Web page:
The answer for all Mac user except the extremely casual user cited above is this: Go buy an external drive now. If you want to combine TM and Clone on the same drive, it should be a terabyte, partitioned into two volumes. Check your internal drive now - how much data is on it? Highlight it with a click and type Command-I. It will tell you the capacity of the disk, how much data is on it now, and space remaining. If you have a 500Gb or 1Tb internal drive but less than 100Gb full, a 500 will do you. The clone volume can be 200Gb with the other one serving TimeMachine, which does not delete older versions of documents and needs more space. Powered drives are usually 1Tb and are cheaper than unpowered portable 500 drives, but if you have a laptop and want to take your backup with you, the portable is better. Be aware that both could be stolen! Better to leave the backup drive at home or have ANOTHER cloned backup stored elsewhere. Hardcore paranoids rotate backup clones each week, keeping one in a safety deposit box.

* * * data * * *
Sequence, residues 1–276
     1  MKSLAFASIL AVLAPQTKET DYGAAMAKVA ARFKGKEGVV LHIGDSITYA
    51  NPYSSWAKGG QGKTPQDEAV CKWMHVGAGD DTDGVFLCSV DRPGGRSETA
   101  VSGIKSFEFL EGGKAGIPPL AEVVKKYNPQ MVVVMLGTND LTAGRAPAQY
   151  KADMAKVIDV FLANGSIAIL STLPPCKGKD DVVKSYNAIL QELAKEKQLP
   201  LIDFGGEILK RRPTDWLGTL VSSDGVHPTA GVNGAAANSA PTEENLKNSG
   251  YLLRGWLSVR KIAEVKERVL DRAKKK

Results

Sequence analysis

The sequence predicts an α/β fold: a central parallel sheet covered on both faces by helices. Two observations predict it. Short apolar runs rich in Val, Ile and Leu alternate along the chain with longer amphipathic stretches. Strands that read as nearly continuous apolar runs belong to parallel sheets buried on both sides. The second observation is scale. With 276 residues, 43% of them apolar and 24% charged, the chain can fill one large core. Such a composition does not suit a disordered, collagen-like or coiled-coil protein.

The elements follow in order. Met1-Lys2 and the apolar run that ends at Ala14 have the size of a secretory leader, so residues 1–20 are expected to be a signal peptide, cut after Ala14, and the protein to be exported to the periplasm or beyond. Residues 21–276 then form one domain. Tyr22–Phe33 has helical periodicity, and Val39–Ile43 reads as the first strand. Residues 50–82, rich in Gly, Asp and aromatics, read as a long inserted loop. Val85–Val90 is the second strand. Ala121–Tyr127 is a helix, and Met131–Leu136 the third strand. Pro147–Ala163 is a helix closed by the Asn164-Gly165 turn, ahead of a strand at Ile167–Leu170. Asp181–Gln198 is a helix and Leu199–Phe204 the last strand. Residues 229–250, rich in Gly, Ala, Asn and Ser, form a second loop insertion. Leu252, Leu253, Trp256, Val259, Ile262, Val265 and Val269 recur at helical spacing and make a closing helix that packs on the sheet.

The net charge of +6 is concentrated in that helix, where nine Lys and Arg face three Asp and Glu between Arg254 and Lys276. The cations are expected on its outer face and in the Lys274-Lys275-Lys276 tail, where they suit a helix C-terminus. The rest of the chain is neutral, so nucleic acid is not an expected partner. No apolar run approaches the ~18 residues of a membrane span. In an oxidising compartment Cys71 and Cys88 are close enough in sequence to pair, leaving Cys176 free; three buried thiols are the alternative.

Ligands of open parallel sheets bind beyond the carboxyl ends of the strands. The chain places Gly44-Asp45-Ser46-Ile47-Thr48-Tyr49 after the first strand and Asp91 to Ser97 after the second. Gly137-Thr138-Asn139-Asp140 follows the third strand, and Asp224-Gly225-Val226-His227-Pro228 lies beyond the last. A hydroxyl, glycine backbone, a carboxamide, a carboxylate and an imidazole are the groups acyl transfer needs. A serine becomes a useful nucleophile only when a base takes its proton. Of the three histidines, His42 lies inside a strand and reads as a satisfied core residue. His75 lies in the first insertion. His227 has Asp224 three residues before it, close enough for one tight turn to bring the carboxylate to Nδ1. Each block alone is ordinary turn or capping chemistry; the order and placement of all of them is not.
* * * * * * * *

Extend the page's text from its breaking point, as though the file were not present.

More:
It's your data. DriveSavers charges $1500 and up to recover a dead drive. How lucky do you feel?

Thursday, July 21, 2011

My Experience with Lion, part 1

Getting Ready for Lion

My original intention was to just forget about Lion for a few months, letting others do Apple's field testing for them. Then I realized I should go ahead and do it because I need to learn as much as possible, in preparation for those clients who will need help with it. But to give it a go, I had to do a lot of preparation.

A Twin System

The recommended way is to make a clone backup of your Snow Leopard (SNL) system so if things fall apart, one can just boot from the clone and copy it all back, wiping Lion off the map. This is always good, and I always run a clone (SuperDuper) backup in addition to my TimeMachine backup.